The San Francisco Chronicle reports that residents in an area of Marin County are trying to raise $100,000 for legal fees to prevent Habitat for Humanity from building affordable housing there. The average price of a home in Marin, according to the article, is $800,000, and in the neighborhood in question, most homes are valued at between $1 million and $2 million . The article quotes one opponent as saying:
"The homes are of a certain type and would not fit in. The placement of these homes would really stand out."I suppose it's true that poor people don't exactly "fit in" in such wealthy enclaves, unless, of course, the poor people in question are nannies or pool boys.
According to the article,
it has been exceedingly difficult to find any place to squeeze in low-cost housing outside of the predominantly African American enclave of Marin City and the largely Latino neighborhood of San Rafael known as the Canal area.As for the $100,000 in legal fees that Habitat opponents are trying to raise, Kilbridge asks, "Do you know how many nails that could buy? To us that's a lot of money that could be of such incredible use to the community."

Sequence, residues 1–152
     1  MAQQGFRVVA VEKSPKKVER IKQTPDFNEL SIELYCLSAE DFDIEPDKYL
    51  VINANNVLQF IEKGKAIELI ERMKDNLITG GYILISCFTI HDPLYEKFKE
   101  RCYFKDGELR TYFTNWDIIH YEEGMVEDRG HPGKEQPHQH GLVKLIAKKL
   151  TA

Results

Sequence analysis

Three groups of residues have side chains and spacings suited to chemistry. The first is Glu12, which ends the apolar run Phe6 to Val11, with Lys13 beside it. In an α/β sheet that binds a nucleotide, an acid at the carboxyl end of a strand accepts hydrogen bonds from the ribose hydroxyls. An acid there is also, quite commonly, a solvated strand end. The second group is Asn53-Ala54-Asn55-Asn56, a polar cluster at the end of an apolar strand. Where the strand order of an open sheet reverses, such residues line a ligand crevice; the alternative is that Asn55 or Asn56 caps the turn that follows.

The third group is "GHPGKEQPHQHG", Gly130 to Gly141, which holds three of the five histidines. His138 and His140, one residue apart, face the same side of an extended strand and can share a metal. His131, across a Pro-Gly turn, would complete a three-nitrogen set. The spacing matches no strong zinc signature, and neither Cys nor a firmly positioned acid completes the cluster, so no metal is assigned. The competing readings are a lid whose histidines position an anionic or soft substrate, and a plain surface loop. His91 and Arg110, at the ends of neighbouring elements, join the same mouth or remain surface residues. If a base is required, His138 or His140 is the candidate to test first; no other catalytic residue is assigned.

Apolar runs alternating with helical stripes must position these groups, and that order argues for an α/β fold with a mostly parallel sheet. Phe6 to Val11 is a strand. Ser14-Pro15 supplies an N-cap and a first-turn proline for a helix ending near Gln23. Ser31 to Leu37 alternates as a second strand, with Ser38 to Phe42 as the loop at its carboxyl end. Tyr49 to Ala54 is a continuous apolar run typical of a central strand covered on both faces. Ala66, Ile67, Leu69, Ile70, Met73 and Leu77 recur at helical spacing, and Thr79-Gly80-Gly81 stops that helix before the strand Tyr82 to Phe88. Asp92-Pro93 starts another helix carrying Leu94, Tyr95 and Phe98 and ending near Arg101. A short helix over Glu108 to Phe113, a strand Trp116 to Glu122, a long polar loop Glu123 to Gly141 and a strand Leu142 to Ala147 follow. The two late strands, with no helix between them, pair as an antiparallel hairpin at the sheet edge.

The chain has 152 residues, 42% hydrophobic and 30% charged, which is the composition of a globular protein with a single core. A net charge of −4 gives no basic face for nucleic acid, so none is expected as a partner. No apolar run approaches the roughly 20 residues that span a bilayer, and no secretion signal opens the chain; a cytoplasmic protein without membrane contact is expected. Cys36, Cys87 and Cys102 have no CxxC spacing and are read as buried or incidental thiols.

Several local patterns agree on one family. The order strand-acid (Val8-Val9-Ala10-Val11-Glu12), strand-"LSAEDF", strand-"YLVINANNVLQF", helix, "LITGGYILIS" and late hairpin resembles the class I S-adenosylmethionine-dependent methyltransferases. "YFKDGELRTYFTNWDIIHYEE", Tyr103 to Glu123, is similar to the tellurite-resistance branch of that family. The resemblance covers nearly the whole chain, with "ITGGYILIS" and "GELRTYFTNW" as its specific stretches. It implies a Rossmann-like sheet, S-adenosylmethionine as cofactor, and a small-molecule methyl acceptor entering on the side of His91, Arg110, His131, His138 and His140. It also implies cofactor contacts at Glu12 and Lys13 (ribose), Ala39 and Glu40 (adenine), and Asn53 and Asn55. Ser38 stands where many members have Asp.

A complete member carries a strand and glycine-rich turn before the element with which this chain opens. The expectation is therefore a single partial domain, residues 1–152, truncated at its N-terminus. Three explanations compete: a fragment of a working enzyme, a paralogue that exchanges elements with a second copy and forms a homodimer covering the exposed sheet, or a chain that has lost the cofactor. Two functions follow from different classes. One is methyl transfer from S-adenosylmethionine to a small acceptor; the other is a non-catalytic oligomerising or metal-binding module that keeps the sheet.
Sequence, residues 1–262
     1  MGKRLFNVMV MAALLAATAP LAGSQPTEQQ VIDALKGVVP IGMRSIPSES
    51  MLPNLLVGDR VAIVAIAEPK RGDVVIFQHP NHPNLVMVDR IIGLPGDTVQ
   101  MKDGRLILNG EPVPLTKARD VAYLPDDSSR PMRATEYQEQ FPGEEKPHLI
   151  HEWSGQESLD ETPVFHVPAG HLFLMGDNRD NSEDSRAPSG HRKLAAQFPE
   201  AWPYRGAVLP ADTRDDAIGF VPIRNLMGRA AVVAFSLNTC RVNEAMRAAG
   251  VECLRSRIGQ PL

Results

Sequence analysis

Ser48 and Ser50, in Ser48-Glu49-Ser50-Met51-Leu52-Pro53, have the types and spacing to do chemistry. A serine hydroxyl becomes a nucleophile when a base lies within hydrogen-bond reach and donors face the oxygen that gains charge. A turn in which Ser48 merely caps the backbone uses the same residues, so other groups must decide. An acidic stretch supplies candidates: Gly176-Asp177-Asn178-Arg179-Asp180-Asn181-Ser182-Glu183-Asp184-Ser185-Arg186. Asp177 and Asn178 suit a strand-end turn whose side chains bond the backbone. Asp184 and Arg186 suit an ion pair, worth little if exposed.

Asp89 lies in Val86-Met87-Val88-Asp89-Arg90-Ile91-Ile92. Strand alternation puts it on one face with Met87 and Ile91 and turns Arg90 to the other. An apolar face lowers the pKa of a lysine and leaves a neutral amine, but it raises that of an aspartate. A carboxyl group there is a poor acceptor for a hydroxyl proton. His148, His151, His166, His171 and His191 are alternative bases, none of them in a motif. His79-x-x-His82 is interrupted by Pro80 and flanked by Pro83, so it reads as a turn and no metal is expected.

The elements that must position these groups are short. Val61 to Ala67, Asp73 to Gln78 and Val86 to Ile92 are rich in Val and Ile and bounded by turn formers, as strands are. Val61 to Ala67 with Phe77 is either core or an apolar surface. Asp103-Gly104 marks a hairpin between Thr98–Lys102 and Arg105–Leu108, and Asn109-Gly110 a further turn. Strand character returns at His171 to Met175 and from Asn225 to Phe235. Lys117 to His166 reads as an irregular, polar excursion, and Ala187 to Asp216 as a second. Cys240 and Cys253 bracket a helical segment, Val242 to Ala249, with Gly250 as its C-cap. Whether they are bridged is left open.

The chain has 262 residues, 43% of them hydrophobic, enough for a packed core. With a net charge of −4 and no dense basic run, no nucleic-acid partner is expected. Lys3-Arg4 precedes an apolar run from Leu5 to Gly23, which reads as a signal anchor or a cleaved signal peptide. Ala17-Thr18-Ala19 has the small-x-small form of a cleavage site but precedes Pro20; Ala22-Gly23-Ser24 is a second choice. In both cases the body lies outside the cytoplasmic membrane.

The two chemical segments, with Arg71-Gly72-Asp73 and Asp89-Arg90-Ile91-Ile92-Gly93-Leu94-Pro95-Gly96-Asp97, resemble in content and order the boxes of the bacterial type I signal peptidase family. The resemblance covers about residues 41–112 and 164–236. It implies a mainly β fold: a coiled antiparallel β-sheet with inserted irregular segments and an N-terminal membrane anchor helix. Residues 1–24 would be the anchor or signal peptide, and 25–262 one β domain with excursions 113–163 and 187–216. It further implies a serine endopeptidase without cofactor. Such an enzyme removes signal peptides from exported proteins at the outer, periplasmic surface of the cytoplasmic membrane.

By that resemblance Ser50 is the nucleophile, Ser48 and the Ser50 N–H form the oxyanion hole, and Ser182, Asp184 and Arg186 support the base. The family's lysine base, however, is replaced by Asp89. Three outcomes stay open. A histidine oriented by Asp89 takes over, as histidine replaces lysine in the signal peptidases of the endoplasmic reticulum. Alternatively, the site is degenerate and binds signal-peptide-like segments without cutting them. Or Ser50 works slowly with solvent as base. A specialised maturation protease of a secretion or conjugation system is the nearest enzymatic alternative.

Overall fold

The reception in Marin has been so hostile that a county chapter of Habitat for Humanity disbanded in the late 1990s because the volunteers could not get any low-income housing projects off the ground, [executive director of the San Francisco Habitat chapter Phillip] Kilbridge said.
I guess it depends on your personal values. $100,000 could not only buy a lot of nails, it could also feed a lot of hungry mouths. But, perhaps to some, what could be more useful than keeping poorer people out of your neighborhood?